- Significant penalties for false statements!
- Having more eyes on the problem; TCEQ complains that it doesn’t have enough staff to enforce regulations.
- River-impact assessments, especially the idea of looking at the cumulative impact of all providers in the area! Twenty square miles of sand mines between US59 and I-45 on the West Fork have decimated the environment immediately upstream from the drinking water source for 2 million people.
- Public hearings for permits. Right now, regulators hear one side of the story.
- Making the permit application approval contingent on past performance. This gives sand miners the ultimate incentive to comply with regulations: “Don’t comply and you’re out of business in this state.”
Shortcomings From Residents’ Perspective
Things residents probably won’t like include:
- Grandfathering existing operations; the cumulative impact of sand mining is already a huge problem on the San Jacinto. However, I’m not sure a fair alternative exists, short of buyouts.
- Lack of definitions for what they’re trying to prevent under “hydrologic impact.” That creates flexibility to cover unforeseen consequences, but also leaves a huge “out.” HB571 in the 2011 session, the first bill to regulate sand mining in Texas, also lacked specificity. It said for instance that the mines had to comply with all applicable laws and regulations, but did not specify what they were. It left lots of wiggle room. This could, too.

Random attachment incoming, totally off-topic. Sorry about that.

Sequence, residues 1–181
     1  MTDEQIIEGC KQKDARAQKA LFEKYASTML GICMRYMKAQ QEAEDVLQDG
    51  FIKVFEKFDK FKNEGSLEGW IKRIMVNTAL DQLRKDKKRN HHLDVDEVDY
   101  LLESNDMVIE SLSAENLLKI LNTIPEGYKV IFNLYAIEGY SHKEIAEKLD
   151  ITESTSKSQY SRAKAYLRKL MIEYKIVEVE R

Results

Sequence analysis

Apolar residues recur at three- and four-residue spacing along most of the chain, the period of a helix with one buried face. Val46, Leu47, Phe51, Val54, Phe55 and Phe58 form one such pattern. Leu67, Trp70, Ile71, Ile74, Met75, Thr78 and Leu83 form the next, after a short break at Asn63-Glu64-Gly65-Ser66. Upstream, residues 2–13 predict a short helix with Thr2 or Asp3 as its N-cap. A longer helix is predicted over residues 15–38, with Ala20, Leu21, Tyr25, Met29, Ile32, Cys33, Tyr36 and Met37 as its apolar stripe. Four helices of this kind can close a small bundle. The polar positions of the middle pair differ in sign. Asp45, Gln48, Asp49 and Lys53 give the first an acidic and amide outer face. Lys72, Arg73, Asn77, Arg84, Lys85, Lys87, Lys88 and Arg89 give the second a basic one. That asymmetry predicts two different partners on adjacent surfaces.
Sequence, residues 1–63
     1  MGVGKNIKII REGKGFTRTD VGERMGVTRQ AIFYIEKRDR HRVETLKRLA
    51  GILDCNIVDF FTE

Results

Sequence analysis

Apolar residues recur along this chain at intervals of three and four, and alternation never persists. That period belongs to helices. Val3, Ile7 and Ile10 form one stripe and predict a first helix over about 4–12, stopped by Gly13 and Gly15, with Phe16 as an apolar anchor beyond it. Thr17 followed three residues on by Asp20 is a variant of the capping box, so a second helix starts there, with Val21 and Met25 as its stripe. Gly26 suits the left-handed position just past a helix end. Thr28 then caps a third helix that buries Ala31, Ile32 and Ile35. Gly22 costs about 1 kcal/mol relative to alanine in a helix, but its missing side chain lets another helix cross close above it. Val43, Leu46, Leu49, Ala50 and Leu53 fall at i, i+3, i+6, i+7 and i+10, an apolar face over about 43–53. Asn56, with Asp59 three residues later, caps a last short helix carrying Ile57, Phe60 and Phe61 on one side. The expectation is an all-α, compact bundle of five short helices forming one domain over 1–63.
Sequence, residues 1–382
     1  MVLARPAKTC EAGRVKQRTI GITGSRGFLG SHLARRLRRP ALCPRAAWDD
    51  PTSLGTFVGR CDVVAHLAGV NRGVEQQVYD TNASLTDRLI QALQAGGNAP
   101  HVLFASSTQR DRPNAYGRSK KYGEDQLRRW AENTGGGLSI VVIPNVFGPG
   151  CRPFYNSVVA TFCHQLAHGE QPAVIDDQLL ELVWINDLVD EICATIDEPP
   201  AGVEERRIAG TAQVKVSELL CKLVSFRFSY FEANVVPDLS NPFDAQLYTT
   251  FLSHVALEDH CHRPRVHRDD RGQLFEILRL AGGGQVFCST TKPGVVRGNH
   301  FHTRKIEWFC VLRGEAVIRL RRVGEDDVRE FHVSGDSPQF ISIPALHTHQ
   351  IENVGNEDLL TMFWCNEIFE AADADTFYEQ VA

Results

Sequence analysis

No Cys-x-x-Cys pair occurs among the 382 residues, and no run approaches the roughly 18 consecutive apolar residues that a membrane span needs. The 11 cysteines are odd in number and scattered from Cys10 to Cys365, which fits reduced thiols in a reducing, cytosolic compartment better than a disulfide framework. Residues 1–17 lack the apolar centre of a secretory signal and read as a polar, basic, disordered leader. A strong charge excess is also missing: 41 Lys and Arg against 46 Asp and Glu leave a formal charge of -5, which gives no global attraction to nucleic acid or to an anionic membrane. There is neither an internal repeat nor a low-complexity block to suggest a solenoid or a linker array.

- No prescription for minimum setbacks from rivers or prevention of mining in floodways.
- Use of the words “designed to” in front of hydrological impacts. That creates a big “out.” Anybody who places a bale of hay in drainage ditch on the mine could say he designed the drainage to prevent erosion, However, the real issue is what happens when the river reroutes itself through mines during a flood.
Lack of Specificity Concerning Hydrologic Impact
My biggest concern is the lack of specificity re: adverse hydrologic impacts. No references exist in the bill to:
- Dangers of river migration